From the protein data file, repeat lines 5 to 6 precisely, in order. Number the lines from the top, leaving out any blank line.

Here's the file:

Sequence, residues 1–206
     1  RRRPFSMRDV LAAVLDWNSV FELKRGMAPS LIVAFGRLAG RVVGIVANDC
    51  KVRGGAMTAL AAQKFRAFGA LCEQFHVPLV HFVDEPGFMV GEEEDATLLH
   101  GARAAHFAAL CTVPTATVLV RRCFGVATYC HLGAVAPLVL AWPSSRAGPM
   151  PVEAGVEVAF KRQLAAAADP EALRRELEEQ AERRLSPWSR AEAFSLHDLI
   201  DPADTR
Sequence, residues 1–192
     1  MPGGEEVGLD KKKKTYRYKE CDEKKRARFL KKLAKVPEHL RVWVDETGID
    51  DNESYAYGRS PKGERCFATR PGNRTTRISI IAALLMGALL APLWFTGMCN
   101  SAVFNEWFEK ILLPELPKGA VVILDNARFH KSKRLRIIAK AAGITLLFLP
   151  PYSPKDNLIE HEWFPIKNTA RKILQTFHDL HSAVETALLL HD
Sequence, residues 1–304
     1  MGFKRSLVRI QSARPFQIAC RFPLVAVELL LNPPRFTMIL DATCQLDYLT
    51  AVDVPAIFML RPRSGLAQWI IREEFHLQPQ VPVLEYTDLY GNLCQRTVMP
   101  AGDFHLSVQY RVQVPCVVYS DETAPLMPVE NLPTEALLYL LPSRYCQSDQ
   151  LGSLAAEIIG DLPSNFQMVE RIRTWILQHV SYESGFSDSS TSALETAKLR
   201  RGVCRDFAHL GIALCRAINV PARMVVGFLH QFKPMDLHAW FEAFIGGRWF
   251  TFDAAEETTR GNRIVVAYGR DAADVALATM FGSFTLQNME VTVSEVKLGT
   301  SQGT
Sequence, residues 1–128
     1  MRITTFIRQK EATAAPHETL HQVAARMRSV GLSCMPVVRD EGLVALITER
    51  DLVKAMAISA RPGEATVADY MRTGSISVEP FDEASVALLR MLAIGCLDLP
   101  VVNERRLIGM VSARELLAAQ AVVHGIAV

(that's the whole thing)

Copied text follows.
   151  PVEAGVEVAF KRQLAAAADP EALRRELEEQ AERRLSPWSR AEAFSLHDLI
   201  DPADTR